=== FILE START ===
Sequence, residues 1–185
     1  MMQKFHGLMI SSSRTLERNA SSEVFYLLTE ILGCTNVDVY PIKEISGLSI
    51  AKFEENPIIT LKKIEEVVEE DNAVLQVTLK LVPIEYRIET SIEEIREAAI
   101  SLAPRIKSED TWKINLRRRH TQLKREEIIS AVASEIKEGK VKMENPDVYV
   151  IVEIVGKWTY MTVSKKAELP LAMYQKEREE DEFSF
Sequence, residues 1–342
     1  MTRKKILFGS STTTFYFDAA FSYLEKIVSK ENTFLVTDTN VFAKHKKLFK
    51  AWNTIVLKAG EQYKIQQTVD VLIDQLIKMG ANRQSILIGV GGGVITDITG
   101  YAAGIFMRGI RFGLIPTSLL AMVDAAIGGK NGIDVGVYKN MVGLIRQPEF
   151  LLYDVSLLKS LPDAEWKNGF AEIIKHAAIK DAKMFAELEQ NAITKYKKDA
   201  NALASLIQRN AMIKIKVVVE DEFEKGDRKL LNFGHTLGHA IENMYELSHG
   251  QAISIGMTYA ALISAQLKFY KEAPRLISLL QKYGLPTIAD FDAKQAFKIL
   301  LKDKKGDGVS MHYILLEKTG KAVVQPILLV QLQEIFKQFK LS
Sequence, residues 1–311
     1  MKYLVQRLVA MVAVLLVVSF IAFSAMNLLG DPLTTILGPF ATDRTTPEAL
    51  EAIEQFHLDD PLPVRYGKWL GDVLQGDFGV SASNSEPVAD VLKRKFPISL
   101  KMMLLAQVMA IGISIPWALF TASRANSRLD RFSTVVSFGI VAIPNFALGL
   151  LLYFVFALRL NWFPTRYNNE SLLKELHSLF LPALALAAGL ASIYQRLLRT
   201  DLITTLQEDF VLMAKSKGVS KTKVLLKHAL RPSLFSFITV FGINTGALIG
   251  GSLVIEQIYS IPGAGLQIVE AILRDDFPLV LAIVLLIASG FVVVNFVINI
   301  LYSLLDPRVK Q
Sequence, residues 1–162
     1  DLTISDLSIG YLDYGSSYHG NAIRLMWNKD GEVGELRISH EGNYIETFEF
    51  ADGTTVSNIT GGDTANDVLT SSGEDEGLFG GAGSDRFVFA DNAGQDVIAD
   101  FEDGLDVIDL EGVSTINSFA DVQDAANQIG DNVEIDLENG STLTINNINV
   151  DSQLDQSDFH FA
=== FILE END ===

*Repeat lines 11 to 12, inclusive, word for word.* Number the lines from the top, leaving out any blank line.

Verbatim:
   201  NALASLIQRN AMIKIKVVVE DEFEKGDRKL LNFGHTLGHA IENMYELSHG
   251  QAISIGMTYA ALISAQLKFY KEAPRLISLL QKYGLPTIAD FDAKQAFKIL